Social Media at SAS - Triangle IABC meeting Sept. 8, 2009


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How SAS ( is incorporating social media into our internal and external communications, with practical tips for companies getting started. Presentation to the Triangle, NC chapter of the International Association of Business Communicators, Sept. 8, 2009.

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  • The Social Media Guidelines & Recommendations were created at the request of the Marketing 2.0 Council to provide guidance to employees about the best ways to participate in social media, and the things they should avoid doing. The guidelines were reviewed, modified, amended and approved by members of the Marketing 2.0 Council, the Social Media Exchange, Legal, Human Resources, Internal Communications and Information Systems.
  • Social Media at SAS - Triangle IABC meeting Sept. 8, 2009

    1. 1. Social Media at SAS<br />Becky Graebe<br />David B. Thomas<br />September 8, 2009<br />
    2. 2. <ul><li>11,111 employees worldwide
    3. 3. 4,235 in Cary
    4. 4. 2008 revenues of $2.26B
    5. 5. the leader in business analytics software and services
    6. 6. the largest independent vendor in the business intelligence market
    7. 7. the world's largest privately held software company (prepackaged software)</li></li></ul><li><ul><li>customers in 118 countries, from AA to ZürcherKantonalbank
    8. 8. 45,000 business, government and university sites
    9. 9. 92 of the top 100 companies on the 2009 FORTUNE Global 500® list</li></li></ul><li>How much longer do you plan to work?<br />Who will be your audience in 2029?<br />What about 2039?<br />
    10. 10.
    11. 11. Social Media<br />Social media may be a phenomenon,but they are not a fad.<br />They have already changed the way people(and companies) communicate.<br />
    12. 12. The Marketing 2.0 Council<br />Formed in late 2007<br />Nearly 40 members from Marketing, External Communications, Online Strategy, Legal, more<br />Task forces created recommendations<br />Council created overall recommendations including two new positions:<br />Integrated Content Manager<br />Social Media Manager<br />Initiated guidelines for employee participation<br />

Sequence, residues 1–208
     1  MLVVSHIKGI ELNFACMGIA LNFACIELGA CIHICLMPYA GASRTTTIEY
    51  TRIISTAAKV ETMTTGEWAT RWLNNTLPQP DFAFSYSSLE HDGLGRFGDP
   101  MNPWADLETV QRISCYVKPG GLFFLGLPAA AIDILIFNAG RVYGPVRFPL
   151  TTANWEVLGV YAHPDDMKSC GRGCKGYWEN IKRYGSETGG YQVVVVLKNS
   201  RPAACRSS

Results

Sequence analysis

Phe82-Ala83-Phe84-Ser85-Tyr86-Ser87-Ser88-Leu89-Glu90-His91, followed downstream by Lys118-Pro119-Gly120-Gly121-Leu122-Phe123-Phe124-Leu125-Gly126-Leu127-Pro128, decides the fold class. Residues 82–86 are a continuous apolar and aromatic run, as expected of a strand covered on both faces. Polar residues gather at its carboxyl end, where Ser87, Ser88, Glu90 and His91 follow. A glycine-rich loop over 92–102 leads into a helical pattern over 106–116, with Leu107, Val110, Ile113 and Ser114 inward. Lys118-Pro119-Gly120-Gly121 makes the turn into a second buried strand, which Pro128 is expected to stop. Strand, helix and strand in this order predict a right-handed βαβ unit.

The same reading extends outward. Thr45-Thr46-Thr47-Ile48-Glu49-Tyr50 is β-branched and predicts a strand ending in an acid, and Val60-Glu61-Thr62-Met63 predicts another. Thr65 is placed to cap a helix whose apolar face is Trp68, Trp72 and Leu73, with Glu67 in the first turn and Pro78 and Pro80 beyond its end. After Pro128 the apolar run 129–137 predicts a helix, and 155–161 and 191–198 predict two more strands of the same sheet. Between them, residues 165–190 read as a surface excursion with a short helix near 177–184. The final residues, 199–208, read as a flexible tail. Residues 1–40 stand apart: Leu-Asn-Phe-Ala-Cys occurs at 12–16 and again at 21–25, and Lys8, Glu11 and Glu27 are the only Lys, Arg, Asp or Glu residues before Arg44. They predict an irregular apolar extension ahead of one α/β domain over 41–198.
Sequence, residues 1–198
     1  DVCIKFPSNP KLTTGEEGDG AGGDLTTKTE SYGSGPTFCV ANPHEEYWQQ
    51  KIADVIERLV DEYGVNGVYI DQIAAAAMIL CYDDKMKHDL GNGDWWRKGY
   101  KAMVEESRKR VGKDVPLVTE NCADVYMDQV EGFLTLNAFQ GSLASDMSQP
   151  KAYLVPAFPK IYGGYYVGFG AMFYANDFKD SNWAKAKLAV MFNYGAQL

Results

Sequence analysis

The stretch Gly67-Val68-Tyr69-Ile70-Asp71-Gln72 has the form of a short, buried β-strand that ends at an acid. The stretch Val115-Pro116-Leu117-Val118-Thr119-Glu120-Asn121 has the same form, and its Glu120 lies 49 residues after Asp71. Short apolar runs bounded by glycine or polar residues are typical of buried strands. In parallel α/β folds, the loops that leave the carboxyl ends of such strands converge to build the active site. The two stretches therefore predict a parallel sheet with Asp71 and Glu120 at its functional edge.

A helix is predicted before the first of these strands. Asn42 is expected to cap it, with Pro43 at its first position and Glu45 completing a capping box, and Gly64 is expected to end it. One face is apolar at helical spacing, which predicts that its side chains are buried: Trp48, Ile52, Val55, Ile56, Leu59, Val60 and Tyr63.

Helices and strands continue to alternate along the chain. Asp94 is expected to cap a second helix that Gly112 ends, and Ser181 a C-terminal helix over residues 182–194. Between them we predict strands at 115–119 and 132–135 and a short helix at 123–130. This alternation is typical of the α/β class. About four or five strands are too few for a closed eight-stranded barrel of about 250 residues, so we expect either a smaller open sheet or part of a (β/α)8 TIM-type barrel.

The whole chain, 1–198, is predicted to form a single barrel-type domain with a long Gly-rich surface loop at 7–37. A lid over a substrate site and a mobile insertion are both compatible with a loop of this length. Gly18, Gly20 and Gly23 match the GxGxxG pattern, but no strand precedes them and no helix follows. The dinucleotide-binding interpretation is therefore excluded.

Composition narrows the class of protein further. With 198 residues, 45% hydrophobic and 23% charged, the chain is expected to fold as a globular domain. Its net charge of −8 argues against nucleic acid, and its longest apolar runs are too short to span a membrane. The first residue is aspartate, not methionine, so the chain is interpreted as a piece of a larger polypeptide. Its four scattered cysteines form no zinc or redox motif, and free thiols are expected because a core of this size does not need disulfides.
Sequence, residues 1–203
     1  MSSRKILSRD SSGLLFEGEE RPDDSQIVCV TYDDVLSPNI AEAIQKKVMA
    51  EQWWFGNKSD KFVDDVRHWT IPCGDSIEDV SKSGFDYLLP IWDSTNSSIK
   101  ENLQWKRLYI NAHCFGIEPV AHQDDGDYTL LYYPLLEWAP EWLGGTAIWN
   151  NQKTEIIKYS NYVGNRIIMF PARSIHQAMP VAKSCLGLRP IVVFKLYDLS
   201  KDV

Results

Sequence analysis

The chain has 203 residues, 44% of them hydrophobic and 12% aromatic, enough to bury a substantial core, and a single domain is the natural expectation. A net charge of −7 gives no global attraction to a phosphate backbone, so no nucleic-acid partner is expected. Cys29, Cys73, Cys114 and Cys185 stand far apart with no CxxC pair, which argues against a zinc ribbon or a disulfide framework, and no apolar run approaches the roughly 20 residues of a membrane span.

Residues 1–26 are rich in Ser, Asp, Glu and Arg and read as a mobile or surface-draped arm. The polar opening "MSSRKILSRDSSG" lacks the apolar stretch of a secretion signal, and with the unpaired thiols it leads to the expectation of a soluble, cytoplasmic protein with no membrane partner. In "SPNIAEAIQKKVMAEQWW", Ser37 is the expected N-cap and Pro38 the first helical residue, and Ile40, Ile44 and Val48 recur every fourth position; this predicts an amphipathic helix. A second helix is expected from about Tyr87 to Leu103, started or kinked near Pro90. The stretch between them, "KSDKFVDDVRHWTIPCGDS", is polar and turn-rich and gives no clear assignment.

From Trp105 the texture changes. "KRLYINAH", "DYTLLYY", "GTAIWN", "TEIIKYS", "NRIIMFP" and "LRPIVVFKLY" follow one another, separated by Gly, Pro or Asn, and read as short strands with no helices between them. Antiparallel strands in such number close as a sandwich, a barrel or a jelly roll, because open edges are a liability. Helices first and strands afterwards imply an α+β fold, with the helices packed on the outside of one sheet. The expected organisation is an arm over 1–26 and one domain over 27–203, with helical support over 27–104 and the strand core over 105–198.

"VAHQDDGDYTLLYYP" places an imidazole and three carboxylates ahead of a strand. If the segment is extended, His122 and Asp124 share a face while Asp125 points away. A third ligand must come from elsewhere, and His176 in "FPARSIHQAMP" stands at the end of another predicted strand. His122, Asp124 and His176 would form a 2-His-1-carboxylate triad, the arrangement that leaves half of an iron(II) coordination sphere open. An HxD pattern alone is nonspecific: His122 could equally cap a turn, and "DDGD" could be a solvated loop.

13. 13. Social Media Manager: The Mission<br /> Working within the framework established by the Marketing 2.0 council, drive adoption of 2.0 principles company wide - domestically and globally - in a manner that supports strategic objectives, is sustainable and replicable, and creates understanding, acceptance and enthusiasm among all stakeholders. <br />
    14. 14. Long-term Goals<br />Integrate 2.0 into all SAS marketing and communications activities<br />Align 2.0 activities with corporate objectives<br />Measure 2.0 activities to demonstrate ROI<br />Implement measurement tools and refine activities based on metrics<br />Mentor 2.0 experts within stakeholder organizations<br />Promote a forward-looking culture to identify new opportunities<br />
    15. 15. SAS Social Media Guidelines & Recommendations <br />SAS created a set of Social Media Guidelines and Recommendations, designed to answer employee questions about participating in online social media activities as a SAS employee.<br />YES WE CAN.But be smart about it.<br />
    16. 16. Guiding Principles<br />People are talking about SAS online whether we are there or not.<br />It&apos;s good for SAS employees to participate in those conversations provided we do it in a way<br />that reflects well on SAS<br />is respectful of the standards of the online community<br />follows the Social Media Guidelines and Recommendations, the Online Conduct Guidelines, and behavior and computer use policies.<br />
    17. 17. Guiding Principles<br />We trust SAS employees to represent SAS online in a professional manner, the same way we trust them to do it in the real world.<br />1998 1999 2000 2001 2002 20032004 2005 2006 2007 2008 2009<br />
    18. 18. Guiding Principles<br />Don&apos;t talk about customers, partners or vendors. <br />Don’t reveal private or proprietary information, intellectual property, pricing, or details of customer installations <br />…or anything else that could harm our business or business relationships. <br />The exception: You can link to content on that references customers, like success stories, press releases and videos.<br />
    19. 19. Guiding Principles<br />When you participate in social media, you are speaking for yourself, not on behalf of the company. Be sure to make that clear. And know that you are responsible for your actions.<br />Opinions are my own and don’t represent SAS…<br />